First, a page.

Wednesday, February 23, 2011
GRANDVIEW - After a series of workshops over the past year, the Grandview City Council made progress last night towards forming a transportation benefit district.
A public hearing held during Tuesday night's meeting was the final step before council takes action on forming a district at its Tuesday, March 8, meeting.
The only public comment during the hearing came from resident Mary Barrett, who expressed support for a transportation benefit district.
Engineer Ted Pooler told council that a transportation benefit district - which if approved would lead to $20 licensing tab fees on all vehicles registered in the city of Grandview - could generate $150,000 to $180,000 each year for road repairs.
He said state law gives the districts flexibility in either designating the money for a large project or for ongoing maintenance.
Pooler's suggestion is to use the money to do chip seal maintenance on city streets on a rotating basis, while setting a small portion aside as matching funds for grant applications.
Pooler says the idea would be each year to focus the district's funds on streets that aren't already beyond the point of no return, streets where a chip seal would extend the life of the street.
Accordingly, Grandview is proposing to use transportation benefit district funds in 2012 on chip seal maintenance for portions of the city that include Munson Lane, Nicka Street, Apache Drive, South Division Street and Broadview Drive.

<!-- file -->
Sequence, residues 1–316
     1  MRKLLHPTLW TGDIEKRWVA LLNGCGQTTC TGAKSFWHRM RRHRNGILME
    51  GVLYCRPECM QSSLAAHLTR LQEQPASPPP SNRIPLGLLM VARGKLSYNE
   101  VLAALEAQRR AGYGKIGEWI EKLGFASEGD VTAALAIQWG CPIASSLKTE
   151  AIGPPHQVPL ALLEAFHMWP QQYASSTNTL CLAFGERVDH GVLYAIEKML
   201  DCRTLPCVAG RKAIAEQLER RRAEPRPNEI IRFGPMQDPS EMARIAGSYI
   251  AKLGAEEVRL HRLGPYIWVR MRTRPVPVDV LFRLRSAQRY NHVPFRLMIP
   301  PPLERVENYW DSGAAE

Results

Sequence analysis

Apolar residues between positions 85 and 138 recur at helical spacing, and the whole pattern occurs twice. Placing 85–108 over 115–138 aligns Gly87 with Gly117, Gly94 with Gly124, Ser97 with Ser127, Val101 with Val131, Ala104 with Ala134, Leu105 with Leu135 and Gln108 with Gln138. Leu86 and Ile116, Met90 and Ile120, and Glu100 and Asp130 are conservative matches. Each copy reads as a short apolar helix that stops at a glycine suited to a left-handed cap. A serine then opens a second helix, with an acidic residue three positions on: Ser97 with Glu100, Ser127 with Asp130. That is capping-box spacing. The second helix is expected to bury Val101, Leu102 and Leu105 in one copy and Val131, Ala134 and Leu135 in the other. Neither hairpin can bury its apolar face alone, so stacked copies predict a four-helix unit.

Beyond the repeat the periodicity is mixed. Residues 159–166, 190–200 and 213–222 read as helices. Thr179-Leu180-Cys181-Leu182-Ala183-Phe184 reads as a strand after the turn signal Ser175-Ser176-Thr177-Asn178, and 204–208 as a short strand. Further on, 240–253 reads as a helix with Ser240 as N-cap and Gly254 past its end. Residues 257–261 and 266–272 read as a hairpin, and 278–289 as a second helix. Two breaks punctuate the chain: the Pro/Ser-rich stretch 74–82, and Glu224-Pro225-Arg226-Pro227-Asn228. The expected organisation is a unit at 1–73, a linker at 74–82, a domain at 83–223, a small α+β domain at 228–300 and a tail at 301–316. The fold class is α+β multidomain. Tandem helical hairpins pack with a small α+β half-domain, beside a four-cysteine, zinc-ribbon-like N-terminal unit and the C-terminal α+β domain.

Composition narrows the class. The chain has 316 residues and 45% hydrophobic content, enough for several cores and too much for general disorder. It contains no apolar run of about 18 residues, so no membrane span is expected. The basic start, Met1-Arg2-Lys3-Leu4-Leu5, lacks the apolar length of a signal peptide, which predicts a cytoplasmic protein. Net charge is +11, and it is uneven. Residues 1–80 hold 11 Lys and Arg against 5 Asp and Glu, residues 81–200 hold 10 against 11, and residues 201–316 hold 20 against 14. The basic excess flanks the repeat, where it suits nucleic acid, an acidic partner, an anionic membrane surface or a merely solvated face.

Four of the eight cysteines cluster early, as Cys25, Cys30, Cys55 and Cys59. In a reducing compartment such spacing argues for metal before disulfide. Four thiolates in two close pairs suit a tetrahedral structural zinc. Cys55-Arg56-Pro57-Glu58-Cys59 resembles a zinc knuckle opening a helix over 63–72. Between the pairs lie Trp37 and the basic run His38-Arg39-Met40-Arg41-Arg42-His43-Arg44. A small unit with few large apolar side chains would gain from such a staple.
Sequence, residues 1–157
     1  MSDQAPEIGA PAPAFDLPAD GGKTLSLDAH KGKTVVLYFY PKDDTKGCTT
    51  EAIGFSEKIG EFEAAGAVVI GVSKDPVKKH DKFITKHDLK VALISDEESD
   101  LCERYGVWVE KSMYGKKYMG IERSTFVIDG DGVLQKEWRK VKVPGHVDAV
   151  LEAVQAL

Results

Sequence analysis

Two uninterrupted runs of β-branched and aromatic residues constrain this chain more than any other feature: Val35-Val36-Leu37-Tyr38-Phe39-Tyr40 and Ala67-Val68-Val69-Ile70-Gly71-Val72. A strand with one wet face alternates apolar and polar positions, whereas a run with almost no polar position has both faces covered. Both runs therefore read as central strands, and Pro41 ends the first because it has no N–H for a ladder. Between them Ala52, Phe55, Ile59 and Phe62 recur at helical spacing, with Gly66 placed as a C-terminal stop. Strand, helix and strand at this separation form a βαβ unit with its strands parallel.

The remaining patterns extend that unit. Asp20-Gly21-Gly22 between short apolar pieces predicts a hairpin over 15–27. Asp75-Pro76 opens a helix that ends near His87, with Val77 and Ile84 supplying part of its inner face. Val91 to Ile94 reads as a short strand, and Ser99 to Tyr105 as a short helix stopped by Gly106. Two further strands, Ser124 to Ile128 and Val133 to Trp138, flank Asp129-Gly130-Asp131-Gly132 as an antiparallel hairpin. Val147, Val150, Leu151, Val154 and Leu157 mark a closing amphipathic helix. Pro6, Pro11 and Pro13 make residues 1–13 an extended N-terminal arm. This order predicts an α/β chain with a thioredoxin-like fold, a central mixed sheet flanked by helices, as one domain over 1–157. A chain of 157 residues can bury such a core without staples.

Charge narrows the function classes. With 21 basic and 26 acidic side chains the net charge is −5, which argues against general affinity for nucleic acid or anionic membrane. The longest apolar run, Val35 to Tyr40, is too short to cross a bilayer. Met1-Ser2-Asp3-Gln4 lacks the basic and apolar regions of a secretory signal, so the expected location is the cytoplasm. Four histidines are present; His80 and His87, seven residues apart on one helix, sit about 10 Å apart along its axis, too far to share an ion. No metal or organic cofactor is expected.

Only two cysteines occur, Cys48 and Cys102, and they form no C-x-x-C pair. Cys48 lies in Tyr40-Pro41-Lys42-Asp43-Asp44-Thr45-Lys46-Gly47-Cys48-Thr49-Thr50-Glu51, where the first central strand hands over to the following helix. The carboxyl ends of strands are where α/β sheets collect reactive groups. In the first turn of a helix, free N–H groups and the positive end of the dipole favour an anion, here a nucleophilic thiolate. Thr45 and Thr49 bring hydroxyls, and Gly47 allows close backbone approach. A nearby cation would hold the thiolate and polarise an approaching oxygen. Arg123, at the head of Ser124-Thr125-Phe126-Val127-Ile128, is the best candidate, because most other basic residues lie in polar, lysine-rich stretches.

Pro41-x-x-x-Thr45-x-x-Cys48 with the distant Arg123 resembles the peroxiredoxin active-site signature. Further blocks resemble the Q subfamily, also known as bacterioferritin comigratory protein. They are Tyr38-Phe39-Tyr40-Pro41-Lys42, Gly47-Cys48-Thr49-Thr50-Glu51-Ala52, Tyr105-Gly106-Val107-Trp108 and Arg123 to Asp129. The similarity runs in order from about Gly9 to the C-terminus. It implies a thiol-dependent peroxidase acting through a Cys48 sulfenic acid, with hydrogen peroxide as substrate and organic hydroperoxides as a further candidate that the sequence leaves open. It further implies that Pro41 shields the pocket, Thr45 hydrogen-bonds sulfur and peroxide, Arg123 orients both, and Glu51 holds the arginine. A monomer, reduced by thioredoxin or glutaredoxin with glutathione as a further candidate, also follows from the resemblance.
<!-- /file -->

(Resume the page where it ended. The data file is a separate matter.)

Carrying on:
But first council needs to take action on the matter, which it will do during the active agenda of its March 8 meeting.
The last opportunity for public comment on the proposal would come during the public comment portion of the March 8 meeting.
Mayor Norm Childress said if the district is approved at the next meeting it would still be quite some time before the $20 licensing tab fee is assessed. He says that's because council also needs to organize the board for the transportation benefit district.
Besides reducing potential long-term costs due to lack of maintenance, council expressed support for the district - and its eventual $20 tab fee - as a way to improve Grandview's quality of life.
"Good streets lead to better neighborhoods," said Councilman Jesse Palacios.